Savina Yannatou | Theater Critic's Choice | Chicago Reader

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Savina Yannatou

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It's no longer unusual for the musical styles of a particular region to get hijacked by people who didn't grow up there, but it's still rarely done well. Greek singer Savina Yannatou's latest album, Sumiglia (ECM), features songs from Spain, Moldavia, Palestine, Italy, Armenia, Albania, Corsica, Bulgaria, Ukraine, and her homeland, but it never feels like a jet-set jaunt around the Mediterranean. She takes the far-flung traditional songs in her deep repertoire and makes them her own without compromising their integrity. Her superb band, Primavera en Salonico--guided by arranger Kostas Vomvolos, who plays accordion, qanun, and kalimba--limns the material with an almost weightless grace. Members of the sextet--who also play oud, guitar, violin, ney, bass, and percussion--regularly drop out, giving plenty of space to certain tunes, while other pieces, like "Orrio tto fengo," have an experimental, texture-oriented rigor. Delicate as Yannatou's voice can be, she's not afraid to occasionally sing in a creaky rasp; on a few pieces she even suggests the piercing, wordless squalls of Diamanda Galas, an acknowledged influence. This is her first performance here since her Chicago debut at the 2000 World Music Festival. Sat 3/5, 8 PM, Old Town School of Folk Music, 4544 N. Lincoln, 773-728-6000 or 866-468-3401, $22, $18 seniors and kids. All ages.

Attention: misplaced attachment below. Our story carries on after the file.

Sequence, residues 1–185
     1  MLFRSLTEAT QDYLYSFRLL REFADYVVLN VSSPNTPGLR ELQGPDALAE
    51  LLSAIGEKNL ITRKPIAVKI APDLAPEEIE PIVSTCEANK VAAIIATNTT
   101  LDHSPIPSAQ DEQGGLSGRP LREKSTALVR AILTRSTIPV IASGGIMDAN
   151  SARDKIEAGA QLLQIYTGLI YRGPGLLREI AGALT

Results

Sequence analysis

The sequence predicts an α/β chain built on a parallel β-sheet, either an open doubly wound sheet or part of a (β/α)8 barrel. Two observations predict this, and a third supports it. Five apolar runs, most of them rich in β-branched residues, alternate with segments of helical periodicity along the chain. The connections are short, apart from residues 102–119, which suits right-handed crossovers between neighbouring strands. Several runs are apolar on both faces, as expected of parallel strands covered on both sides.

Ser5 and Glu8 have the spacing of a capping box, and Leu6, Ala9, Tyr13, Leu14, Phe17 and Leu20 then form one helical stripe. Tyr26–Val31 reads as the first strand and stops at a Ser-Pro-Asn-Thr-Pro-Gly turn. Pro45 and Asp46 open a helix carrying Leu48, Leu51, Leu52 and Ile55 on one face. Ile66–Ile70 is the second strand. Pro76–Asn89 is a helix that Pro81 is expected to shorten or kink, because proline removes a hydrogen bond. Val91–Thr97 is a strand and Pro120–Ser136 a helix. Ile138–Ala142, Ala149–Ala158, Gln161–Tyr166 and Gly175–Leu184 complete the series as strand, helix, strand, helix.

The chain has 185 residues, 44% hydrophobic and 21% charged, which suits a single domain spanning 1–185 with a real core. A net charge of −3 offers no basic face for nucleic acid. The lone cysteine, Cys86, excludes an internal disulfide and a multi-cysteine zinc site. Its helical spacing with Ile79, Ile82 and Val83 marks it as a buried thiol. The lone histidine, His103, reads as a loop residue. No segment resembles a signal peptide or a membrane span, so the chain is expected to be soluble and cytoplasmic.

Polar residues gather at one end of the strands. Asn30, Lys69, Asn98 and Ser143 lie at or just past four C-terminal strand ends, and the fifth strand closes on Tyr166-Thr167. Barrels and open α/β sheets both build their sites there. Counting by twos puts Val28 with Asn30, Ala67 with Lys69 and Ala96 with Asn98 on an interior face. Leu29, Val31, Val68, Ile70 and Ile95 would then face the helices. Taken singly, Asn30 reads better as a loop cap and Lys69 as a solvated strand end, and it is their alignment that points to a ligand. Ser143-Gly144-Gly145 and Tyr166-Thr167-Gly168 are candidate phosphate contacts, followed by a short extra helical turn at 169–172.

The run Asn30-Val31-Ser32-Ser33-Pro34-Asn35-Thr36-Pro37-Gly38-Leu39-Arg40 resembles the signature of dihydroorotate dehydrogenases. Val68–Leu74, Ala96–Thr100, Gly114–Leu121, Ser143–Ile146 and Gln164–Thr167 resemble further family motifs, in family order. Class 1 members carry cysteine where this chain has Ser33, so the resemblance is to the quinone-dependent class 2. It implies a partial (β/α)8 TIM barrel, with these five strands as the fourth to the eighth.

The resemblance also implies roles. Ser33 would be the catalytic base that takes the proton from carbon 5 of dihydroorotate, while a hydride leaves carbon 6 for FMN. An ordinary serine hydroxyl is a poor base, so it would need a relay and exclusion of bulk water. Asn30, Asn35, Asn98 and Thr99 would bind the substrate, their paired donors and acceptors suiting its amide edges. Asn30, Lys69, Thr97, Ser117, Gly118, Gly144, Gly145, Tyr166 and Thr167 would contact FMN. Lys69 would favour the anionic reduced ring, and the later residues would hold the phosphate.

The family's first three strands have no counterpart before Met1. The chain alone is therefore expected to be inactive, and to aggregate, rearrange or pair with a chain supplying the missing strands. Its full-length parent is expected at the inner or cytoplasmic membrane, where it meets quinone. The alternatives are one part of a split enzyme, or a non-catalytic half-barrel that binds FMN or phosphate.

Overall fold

Art accompanying story in printed newspaper (not available in this archive): photo/Regina Schmeken.

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